Now more than ever, companies have been increasingly committed to providing a healthy workplace. While much of the focus over the years has been on posture and position, experts have come to realize that lighting plays a crucial role in a healthy and productive work environment.
Recently, a colleague shared a story about their first job experience as a temp at an insurance company. Every day, as the sun rose, he walked to his job in a windowless building with artificial lighting. He would leave at the end of the day, as the sun was setting, often without having seen the sun all day. At first, he gave it little thought – but the longer he worked at the company, the worse he felt. The dim lighting, and the strain from staring at his computer all day, started to affect his overall well-being. He had yet to realize it, but the lack of proper office lighting was taking its toll.
Ergonomic office lighting can help improve your employees’ the quality of life, and in doing so promote their efficiency. Poor lighting has a host of negative side effects. These include, but are not limited to:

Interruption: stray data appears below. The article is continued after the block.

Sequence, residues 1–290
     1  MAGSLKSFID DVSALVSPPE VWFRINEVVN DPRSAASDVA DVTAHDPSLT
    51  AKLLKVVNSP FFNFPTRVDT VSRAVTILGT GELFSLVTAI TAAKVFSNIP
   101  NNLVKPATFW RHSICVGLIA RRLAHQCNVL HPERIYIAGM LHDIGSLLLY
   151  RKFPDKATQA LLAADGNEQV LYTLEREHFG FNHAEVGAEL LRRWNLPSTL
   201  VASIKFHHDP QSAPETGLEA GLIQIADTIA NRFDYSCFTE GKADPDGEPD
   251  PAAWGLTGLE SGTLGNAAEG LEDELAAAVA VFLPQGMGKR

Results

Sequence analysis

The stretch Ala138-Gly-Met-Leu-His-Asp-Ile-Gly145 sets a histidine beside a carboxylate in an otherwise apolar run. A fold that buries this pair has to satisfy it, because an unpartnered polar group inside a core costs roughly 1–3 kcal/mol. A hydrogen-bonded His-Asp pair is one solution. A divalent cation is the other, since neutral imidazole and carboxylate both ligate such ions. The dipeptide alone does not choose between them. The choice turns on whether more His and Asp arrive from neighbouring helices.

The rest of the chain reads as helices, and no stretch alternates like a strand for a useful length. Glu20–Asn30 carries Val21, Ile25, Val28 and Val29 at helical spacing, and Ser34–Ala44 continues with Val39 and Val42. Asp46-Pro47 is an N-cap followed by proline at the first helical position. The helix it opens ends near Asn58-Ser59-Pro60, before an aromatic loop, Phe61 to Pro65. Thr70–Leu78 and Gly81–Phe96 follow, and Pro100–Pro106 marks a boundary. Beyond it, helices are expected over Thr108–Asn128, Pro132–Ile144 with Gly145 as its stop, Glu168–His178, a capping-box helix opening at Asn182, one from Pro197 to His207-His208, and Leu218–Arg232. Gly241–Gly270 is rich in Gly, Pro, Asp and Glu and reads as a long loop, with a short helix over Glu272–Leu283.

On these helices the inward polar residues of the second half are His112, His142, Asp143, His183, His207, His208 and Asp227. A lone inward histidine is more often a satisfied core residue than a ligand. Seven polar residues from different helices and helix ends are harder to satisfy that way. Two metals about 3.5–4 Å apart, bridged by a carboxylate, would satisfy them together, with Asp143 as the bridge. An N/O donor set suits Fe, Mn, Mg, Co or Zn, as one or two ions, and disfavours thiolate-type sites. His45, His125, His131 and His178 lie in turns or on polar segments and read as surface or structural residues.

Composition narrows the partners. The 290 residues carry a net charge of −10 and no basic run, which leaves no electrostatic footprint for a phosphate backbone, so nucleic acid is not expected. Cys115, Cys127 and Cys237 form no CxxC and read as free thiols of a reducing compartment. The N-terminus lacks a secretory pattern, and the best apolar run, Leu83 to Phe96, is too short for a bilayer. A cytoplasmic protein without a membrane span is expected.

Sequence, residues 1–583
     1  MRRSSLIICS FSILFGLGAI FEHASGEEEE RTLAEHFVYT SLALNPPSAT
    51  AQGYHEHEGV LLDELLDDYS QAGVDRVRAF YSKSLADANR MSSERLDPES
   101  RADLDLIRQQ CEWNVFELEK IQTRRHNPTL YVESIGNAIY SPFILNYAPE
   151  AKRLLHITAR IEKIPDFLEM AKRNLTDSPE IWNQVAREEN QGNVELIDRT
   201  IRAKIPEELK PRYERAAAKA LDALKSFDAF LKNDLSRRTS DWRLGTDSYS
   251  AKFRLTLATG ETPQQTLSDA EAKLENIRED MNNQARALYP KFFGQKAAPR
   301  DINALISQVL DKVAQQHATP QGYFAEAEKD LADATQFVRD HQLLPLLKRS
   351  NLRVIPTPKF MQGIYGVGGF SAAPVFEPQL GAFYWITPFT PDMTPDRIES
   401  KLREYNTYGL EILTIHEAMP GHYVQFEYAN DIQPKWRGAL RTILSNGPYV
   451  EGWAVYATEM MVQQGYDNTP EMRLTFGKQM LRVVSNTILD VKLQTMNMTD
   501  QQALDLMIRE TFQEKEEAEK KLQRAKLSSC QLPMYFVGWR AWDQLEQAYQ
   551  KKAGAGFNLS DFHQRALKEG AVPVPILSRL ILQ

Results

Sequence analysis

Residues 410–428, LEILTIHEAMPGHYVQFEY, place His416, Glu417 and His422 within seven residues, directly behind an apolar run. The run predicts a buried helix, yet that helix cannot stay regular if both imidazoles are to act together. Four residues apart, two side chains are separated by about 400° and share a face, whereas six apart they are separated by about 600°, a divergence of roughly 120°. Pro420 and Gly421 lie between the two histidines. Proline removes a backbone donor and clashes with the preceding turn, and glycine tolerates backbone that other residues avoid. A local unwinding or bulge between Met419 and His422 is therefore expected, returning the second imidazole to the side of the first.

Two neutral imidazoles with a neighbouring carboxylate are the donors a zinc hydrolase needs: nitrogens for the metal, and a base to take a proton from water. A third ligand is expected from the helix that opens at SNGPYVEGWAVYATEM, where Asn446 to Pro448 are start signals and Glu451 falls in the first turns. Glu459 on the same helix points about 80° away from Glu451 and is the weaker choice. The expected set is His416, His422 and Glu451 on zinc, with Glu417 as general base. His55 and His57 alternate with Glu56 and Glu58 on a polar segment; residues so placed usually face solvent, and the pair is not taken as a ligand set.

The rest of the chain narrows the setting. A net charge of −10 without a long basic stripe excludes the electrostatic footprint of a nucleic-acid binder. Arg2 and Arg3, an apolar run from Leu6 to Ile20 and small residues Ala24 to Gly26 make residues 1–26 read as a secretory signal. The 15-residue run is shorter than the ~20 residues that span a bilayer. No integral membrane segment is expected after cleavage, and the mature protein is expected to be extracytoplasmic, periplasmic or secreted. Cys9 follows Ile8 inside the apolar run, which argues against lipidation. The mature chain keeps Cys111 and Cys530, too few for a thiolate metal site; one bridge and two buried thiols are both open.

- Eye strain
- Headaches & Migraines
- Lower productivity
- Unhappy employees
- Difficulty in color matching
By making a few simple changes to your office space, you can avoid these negative side effects and create a happier workplace overall.
Step one: Determine the type of lighting you need.
Different spaces require different types of lighting for optimal efficiency.
- Direct Lighting is best used for individual workstations, as the light shines directly onto the subject. It creates shadows, so it’s best used as a supplemental source of lighting.
- Direct-Indirect Lighting is used in manufacturing, as it produces little glare. The light is emitted upwards and downwards. One key thing to note, however, is that it’s important that the walls, ceilings, and floor are all light-colored and reflective.
- Indirect light fixtures are most often used in office settings; they cast most light towards the ceiling. They create even illumination in the workspace and disperse the light in a more natural manner.